Human to Human is a daily blog. It’s journalling and learning in public, Monday through Thursday, in which I post current learnings (taking sporadic weeks off to write longer pieces or to rest). Posts are 300-500 words, often with photos, intended to be read in five minutes and inspire reflection, individually and communally, on varied aspects of participative leadership practices, insights, and human to human depth.
Sometimes it’s the little throw-away aside comments that stick the most. Spoken only as an aside. Perhaps a sub-commentary. Yet, wowza, sometimes these are the blossoms that hang around to open us to a bunch of beauty.
I had one of these a couple of weeks ago from my friend and colleague Amanda Fenton. Amanda and I have been convening circle gatherings for a number of years now. I love her thoughtfulness and integratedness of circle practice and presence.
Amanda and I were talking about CoVid and some of the changing conditions. She lives in British Columbia. I in Utah. She was talking about how one of the key health ministers there was doing an impressive job of adapting to incoming data and experience. Then came this gem. “In complexity, hard rules don’t work. There must be an ‘adaptive why’ that is rooted in principles.”
CoVid is an example of a complex environment and needed adaptation. But it is one that has some prominence. There’s a bunch of questions that are rooted in hard rules, that many people continue to ask. Understandable in their desire to bring some certainty, but really just misguided in the context. Hard rule — when will the government OK opening restaurants and public gatherings? Hard rule — when will a vaccine be ready for distribution? Hard rule — when will professional sports resume regular play? Each of these questions comes from a desire for hard rule.
The answer is always, “it depends.” That may not be the most satisfying answer for those accustomed to imposing certainties, or marketing, that doesn’t know what to do with a narrative of uncertainty and very complex, changing circumstances. In complexity, hard rules are more about comfort for the psyche. They aren’t about intelligent adapting to many moving and interconnected parts. In complexity, commitment to a principle — we will continue to pay attention and experiment, following the learning and insights that we gain while working with our colleagues and neighbors — is what we can offer each other as truth. I would suggest that these principles are what we need to grow ourselves to even be capable of living in such complexity.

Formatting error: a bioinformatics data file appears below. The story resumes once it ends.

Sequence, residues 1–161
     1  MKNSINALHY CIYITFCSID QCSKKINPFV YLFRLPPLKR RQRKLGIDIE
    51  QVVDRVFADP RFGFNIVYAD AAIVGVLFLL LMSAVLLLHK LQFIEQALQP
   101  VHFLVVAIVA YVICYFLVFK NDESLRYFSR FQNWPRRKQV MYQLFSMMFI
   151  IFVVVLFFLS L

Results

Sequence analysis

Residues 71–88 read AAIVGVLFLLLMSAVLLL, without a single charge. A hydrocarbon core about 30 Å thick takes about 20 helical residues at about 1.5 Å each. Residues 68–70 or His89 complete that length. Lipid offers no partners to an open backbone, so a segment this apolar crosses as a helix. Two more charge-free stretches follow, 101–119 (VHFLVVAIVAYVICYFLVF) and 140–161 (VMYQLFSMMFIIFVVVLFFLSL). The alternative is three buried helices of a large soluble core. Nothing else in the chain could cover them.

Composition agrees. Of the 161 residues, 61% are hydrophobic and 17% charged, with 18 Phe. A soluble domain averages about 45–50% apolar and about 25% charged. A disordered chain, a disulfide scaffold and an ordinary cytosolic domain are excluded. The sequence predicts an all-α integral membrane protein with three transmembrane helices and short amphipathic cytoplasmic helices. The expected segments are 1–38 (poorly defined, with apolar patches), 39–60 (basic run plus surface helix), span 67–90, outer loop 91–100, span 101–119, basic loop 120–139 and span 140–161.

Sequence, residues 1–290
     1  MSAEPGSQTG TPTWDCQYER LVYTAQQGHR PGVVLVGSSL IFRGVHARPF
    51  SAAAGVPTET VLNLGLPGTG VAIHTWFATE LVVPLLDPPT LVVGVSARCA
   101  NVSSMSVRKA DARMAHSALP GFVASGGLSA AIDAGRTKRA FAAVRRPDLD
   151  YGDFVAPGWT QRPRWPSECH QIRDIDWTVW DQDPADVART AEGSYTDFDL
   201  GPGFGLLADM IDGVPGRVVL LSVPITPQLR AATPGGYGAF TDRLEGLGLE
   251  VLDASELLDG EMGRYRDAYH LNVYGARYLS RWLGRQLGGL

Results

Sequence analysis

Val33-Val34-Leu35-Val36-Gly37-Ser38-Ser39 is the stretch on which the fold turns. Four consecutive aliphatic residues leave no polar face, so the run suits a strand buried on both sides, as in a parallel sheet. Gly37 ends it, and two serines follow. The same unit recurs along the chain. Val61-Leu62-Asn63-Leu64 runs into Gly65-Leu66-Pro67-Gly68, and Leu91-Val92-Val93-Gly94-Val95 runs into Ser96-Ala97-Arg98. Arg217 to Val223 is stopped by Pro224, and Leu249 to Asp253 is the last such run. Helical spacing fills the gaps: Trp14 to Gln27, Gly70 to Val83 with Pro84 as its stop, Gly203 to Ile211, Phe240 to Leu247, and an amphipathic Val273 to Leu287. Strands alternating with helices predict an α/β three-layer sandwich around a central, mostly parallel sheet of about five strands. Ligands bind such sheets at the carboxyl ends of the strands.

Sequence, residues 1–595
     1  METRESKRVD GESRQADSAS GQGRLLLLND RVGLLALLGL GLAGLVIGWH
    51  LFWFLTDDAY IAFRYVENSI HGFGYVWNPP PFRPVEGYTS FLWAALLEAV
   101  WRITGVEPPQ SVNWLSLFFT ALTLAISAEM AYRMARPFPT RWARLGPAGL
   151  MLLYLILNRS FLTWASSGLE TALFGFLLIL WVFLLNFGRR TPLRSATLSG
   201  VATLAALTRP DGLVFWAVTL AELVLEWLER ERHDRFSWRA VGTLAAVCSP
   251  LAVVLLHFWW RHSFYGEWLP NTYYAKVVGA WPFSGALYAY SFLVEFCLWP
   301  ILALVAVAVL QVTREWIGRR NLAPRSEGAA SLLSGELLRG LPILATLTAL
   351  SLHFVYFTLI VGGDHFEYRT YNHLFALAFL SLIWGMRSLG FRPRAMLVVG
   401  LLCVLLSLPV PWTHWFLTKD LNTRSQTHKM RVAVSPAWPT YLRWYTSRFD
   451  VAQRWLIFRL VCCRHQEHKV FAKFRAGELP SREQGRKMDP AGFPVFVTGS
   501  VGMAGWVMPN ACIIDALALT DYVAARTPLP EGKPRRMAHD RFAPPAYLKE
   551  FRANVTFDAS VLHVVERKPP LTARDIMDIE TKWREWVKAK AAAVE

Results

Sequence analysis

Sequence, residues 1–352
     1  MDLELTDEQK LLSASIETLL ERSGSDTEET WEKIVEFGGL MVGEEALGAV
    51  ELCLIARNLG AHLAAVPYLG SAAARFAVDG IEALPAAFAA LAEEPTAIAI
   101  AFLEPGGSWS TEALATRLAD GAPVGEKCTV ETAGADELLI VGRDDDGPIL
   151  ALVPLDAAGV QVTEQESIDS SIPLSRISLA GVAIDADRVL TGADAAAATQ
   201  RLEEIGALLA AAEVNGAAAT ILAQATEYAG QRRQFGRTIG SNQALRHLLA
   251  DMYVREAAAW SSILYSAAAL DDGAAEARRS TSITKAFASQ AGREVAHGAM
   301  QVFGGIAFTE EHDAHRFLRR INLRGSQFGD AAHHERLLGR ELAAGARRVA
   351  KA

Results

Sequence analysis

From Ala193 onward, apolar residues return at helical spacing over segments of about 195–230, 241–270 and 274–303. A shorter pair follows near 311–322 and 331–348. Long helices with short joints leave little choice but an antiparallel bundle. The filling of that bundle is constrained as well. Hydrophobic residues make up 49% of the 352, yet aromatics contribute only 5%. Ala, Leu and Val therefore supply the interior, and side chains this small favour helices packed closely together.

Well, I know that Amanda and many of us that facilitate groups have been cultivating capacity to be in complexity for a long time now. I think that many of us continue to create formats in which more group-generated awareness can arise. More connected and collective presence. I’m glad for the simple witnessing with a friend, that pulls out the pithy, to help guide the path, not of hunkering down in certainty (and the inevitable blame that follows — the USA’s infectious disease expert, Dr. Fauci is and example of a person now being blamed through the unfulfilled hard rules frame), but instead to be in adaptive learning and sensing.
Here’s the adaptive and principle-based mindset that so many of us are growing and practicing these days. And here’s the the courage-lending that so many of us are doing to invite thoughtful presence amidst very complex circumstance.
Thank you Rumi. For your often-present invitation, to get to what is simple, on the other side of the trouble, that shines in the sunlight.
Learn the alchemy true human beings know
the moment you accept what troubles
you have been given, the door opens.
Welcome difficulty, as a familiar comrade.
Joke with torment, sent by the Friend.
Sorrows are old rags of clothes
and jackets that serve to cover,
and then are taken off.
This is the undressing,
and the naked body underneath
is the sweetness that comes
Quanita Roberson and I have been giving ourselves permission to harvest some learning and some wonder from our practice of circle. As always, it’s a bit of circle as methodology, and, as way of being. I love circle for the way that I experience it creating connection. In self. In group. In broader fractal of life. There is a buffet of insight to draw from.
Here’s to continued good practice for any of us, through this simple form that deepens who we are and how we go together.
I found all of this post by Barbara Jo Shipka to be really helpful. I’m excerpting here, with gratitude. The photo. The quotes from Gaiman and Krishnamurti. The attention to how beliefs and assumptions create worlds and behaviors in them. The “enemy making” that can happen when humans lock into othering. The chasms in contemporary life, particularly in the USA, that I find escalating to gut punch and sick in the stomach toxicity.
Here’s a bit. Go read the rest of Barbara to get more of the detail. And some really helpful sense-making.
I can believe things that are true and things that aren’t true
and I can believe things where nobody knows if they’re true or not.
~ Neil Gaiman
When you call yourself an Indian or a Muslim or a Christian or a European or anything else,
you are being violent. Do you see why it is violent? Because you are separating yourself from the rest of mankind. When you separate yourself by belief, by nationality, by tradition, it breeds violence.
~ Jiddu Krishnamurti
I am more aware than ever of the powerful role beliefs and assumptions play in our lives and where they take us – especially when we come to think of them as ‘the truth’. Sometimes when we become convinced that we have a better line on ‘the truth’ than others have, we can slip into some level of intolerance toward those who see ‘the truth’ differently.